To further compound matters, my maiden name wasn’t terribly long and did not set off the ‘here comes an African’ and then my parents chose to give me a very traditional English first name. So, I didn’t face the torture of hearing a teacher butcher my name. Although, I do remember there was a time in primary school, I decided to write all my names on the front of my exercise book. I clearly remember the teacher spitting them out of his mouth as if he had just sucked on five lemons. I was completely mortified and shuffled to the front of the class to the sounds of my friends’ laughter and howls of ‘is that your real name?’ Real name?! I didn’t realise my first name was an imposter. I wanted to tell them it wasn’t a place holder. I was proud of all my names – both the English and the Nigerian. I had learned the meanings of my Yoruba names and was proud that my parents had carefully chosen a name that they felt reflected the person I would become.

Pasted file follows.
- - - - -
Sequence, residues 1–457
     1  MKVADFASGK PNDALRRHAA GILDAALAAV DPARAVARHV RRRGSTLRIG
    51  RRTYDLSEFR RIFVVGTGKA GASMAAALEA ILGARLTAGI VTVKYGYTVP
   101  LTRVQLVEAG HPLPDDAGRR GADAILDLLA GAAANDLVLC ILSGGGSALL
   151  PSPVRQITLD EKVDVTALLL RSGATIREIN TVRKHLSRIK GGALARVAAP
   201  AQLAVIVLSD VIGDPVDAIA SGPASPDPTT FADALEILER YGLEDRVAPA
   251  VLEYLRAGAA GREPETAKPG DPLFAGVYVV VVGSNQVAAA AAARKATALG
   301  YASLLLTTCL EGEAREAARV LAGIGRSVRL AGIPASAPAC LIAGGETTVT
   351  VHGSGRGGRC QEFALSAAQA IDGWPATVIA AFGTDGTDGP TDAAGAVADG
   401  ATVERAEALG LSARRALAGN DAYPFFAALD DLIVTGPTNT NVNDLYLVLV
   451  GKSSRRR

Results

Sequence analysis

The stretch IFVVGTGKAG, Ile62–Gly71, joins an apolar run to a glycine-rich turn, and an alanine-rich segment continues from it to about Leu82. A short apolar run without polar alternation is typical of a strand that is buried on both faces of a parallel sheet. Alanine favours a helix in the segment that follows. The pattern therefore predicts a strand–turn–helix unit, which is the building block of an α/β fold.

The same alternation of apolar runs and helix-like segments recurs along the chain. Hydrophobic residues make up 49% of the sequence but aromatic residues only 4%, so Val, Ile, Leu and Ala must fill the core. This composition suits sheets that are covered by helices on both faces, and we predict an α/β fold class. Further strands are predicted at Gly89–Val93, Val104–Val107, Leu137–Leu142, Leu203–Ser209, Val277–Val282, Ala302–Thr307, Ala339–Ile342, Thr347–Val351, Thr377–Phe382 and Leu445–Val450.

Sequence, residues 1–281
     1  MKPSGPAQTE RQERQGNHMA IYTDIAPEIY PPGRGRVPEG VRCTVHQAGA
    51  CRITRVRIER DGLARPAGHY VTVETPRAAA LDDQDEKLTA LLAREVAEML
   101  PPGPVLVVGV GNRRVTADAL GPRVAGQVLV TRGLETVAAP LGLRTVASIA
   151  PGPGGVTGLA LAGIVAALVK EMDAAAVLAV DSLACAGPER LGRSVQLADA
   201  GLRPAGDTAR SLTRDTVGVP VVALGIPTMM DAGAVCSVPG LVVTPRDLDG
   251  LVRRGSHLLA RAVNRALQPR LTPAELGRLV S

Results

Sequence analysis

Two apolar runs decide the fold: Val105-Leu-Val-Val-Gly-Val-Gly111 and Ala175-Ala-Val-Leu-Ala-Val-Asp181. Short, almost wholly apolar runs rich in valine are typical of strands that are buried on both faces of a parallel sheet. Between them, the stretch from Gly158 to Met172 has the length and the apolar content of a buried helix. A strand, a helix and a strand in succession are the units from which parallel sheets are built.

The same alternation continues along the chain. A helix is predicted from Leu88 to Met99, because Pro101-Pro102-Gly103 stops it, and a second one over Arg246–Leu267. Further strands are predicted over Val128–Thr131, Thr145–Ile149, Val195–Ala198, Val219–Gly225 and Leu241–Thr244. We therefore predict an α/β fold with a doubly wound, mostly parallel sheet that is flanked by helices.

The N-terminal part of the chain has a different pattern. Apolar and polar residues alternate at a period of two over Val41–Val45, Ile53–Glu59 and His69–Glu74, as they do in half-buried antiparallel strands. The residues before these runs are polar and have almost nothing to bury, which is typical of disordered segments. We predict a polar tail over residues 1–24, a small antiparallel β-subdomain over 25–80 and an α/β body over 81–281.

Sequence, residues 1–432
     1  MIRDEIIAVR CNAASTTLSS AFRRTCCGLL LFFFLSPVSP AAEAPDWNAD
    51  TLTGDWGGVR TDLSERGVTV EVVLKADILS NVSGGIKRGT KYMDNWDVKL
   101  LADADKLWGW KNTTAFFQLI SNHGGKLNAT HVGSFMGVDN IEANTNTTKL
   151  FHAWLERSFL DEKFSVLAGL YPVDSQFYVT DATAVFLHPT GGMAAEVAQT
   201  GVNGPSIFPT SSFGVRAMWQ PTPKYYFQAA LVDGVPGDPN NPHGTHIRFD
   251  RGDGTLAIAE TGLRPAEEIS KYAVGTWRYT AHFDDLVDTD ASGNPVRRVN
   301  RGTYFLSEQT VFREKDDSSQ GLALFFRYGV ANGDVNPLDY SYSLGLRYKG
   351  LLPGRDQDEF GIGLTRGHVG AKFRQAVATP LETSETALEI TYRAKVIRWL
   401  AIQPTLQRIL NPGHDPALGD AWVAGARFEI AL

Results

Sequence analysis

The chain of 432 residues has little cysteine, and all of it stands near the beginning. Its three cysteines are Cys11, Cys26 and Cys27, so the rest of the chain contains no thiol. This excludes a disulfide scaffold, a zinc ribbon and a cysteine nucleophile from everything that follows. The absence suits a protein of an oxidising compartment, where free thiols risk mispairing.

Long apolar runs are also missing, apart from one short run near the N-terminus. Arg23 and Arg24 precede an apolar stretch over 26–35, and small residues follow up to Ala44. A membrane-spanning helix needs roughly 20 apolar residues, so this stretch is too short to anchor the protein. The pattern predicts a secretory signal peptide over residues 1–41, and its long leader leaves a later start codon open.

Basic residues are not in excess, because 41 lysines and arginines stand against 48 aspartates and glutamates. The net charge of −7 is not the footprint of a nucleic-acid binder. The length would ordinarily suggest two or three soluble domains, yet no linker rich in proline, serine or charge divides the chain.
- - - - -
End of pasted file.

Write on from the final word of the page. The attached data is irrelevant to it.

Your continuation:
Times have changed now. I teach in an urban school in London where there are hundreds of African children – Nigerian children, who are embracing their names and correcting all the teachers (even me) on their mispronunciation.

On a weekly basis, I am asked where I am from and I refuse to tell them. Not because I am ashamed (even only they knew) but because I don’t want them to use that as an avenue to be disrespectful. Can you imagine handing back assignments and student saying ‘Why now, Aunty? This is supposed to be an A and not a B?!’ Or the horror of them meeting someone, who knows someone’s aunty’s uncle’s best friend (and you know us Nigerians get around) to discuss the details of my life. Already, I had a student offer to cook for my husband when my holiday photos accidentally projected onto the screen – the horror! Anyway – I digress…I question though where this sudden peak in Nigerian pride has come from?